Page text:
Living Planet Report 2014: when a planet is not enough

Written by Chiara Crognoletti

We have only one planet, but we would need one and a half to sustain our current ecological footprint. This is the recent result highlighted in the Living Planet Report 2014, the annual analysis on the health of our planet published by WWF.

When we speak of ecological footprint, we mean the land and marine area necessary to regenerate the resources used by human beings and to absorb their waste. For more than 40 years, humanity’s demand on nature has exceeded what our planet can replenish. This year, the Earth Overshoot Day was 19th August: it means that in the first 8 months of 2014, we consumed the resources produced by our planet for the whole year and after that day we began borrowing from future generations.
Another figure that jumps out is the path of the Living Planet Index over the last 40 years: this measure shows the trends in thousands of vertebrate species populations, which declined by 52% between 1970 and 2010. In other words, the number of mammals, birds, reptiles, amphibians and fish across the globe is, on average, about half the size it was 40 years ago.
However, not all the countries have the same ecological footprint: poorer countries have the smallest one, but they suffer higher losses in biodiversity, since high-income countries rely on their biocapacity to support their lifestyles. As a consequence, high-income countries show an increase in biodiversity, while low-income countries show dramatic and marked declines.
When considering this data, we should remember a very well-known proverb: We do not inherit the Earth from our ancestors; we borrow it from our children. World population is growing at a fast rate and it is projected to reach 9.2 billion in 2050. Forest ecosystems provide shelter, livelihoods, water, food and fuel security to more than 2 billion people. Food production accounts for around 70% of water use and 30% of energy use globally. One-third of the planet’s major cities depend on nature reserves for their drinking water. Global freshwater demand is projected to exceed current supply by more than 40%. At the moment 768 million people don’t have a safe, clean water supply.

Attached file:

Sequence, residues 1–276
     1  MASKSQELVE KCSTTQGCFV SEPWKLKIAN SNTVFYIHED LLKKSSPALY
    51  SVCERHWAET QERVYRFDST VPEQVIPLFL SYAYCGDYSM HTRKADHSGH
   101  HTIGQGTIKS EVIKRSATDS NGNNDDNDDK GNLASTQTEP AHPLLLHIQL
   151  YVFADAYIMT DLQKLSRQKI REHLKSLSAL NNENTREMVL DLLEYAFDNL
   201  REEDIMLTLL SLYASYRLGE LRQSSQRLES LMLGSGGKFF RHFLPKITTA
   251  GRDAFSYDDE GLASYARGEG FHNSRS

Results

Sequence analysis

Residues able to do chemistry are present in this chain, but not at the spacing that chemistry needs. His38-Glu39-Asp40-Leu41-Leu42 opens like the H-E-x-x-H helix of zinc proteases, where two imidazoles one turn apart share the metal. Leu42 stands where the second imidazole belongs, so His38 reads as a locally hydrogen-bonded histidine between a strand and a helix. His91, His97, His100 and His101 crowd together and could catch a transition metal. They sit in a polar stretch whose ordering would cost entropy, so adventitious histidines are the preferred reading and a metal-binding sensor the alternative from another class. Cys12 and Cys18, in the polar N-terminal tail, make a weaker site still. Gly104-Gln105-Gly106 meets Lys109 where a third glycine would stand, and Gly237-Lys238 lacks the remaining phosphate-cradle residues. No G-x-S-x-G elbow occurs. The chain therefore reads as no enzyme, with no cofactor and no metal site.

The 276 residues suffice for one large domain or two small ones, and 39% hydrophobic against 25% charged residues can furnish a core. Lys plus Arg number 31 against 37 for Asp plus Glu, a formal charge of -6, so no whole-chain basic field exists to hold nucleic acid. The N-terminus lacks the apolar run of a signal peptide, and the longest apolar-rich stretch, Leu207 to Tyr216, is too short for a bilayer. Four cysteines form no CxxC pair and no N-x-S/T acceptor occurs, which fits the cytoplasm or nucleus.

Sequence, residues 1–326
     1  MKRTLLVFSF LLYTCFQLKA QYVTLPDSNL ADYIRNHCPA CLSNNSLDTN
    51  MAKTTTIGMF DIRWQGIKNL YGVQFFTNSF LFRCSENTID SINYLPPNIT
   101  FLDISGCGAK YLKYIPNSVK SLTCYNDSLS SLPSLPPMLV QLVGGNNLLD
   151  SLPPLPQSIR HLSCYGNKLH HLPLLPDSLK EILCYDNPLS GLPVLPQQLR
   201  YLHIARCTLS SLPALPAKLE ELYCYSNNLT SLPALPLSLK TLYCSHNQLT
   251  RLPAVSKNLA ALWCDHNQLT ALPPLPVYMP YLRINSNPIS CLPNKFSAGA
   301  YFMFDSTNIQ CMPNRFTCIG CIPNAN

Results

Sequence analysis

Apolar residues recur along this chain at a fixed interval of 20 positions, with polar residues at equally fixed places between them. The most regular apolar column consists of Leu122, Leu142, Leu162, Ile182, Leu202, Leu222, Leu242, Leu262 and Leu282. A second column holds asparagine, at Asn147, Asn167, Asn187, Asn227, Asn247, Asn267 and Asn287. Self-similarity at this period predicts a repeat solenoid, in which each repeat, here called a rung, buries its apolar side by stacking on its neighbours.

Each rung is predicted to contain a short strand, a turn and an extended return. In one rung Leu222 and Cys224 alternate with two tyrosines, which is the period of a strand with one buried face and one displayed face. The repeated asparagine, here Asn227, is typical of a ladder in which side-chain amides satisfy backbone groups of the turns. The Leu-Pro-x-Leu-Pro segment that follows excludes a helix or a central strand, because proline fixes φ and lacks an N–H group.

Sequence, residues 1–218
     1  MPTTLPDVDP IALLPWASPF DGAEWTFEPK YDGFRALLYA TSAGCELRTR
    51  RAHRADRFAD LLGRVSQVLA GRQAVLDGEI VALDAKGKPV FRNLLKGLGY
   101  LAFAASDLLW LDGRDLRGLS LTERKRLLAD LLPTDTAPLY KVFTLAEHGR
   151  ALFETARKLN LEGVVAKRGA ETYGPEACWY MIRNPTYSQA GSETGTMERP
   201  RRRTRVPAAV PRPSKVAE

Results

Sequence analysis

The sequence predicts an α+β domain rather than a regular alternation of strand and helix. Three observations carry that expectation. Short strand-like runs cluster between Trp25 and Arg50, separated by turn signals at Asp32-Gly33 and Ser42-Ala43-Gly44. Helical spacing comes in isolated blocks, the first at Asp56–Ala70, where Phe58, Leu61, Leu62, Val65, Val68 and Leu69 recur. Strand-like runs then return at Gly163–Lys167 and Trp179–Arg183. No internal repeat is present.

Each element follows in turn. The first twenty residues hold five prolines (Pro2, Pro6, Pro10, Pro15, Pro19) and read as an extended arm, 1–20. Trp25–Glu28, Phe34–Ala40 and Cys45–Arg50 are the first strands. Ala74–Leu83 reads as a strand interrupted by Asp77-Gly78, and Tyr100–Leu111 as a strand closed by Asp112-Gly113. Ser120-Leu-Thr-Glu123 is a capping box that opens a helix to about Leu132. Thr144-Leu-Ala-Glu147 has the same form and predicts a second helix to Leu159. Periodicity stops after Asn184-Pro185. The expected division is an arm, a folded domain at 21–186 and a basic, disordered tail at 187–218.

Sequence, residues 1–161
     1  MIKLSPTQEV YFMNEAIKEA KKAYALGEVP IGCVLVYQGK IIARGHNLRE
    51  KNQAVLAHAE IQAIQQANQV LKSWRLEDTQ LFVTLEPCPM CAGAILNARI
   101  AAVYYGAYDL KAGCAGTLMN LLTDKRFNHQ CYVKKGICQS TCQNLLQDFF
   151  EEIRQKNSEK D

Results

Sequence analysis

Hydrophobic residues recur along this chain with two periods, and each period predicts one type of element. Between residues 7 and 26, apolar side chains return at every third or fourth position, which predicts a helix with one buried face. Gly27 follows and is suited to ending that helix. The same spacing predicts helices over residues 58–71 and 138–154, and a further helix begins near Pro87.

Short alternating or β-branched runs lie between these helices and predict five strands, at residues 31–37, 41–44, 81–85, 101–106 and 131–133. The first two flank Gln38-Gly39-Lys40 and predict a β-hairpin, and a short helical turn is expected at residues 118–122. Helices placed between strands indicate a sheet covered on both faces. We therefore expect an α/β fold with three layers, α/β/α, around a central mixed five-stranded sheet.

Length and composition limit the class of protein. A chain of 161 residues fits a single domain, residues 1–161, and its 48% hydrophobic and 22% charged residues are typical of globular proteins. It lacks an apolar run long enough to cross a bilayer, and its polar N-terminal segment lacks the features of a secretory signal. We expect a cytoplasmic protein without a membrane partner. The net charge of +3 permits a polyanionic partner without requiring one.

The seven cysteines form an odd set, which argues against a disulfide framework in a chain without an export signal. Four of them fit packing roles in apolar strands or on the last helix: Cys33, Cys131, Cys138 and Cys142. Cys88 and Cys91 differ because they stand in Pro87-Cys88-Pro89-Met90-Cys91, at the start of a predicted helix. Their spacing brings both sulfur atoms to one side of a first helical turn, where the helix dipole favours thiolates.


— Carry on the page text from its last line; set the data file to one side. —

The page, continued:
These are all good reasons why we should care for our planet and we cannot ignore our impact. And maybe nothing is (still) lost: WWF’s “One Planet Perspective” outlines better choices for managing, using and sharing natural resources within the planet’s limitations. 

Here are its 5 points:
Preserve natural capital: restore damaged ecosystems and expand protected areas;
Produce better: reduce inputs and waste, manage resources sustainably, scale-up renewable energy production;
Consume more wisely: through low-Footprint lifestyles and sustainable energy use;
Redirect financial flows: value nature, account for environmental and social costs, support and reward conservation, sustainable resource management and innovation;
Equitable resource governance: share available resources, make fair and ecologically informed choices, measure success beyond GDP.
I would like to conclude with the encouraging words of Marco Lambertini, General Director of WWF International: he states that “we are all connected – and collectively, we have the potential to find and adopt the solutions that will safeguard the future of this, our one and only planet”.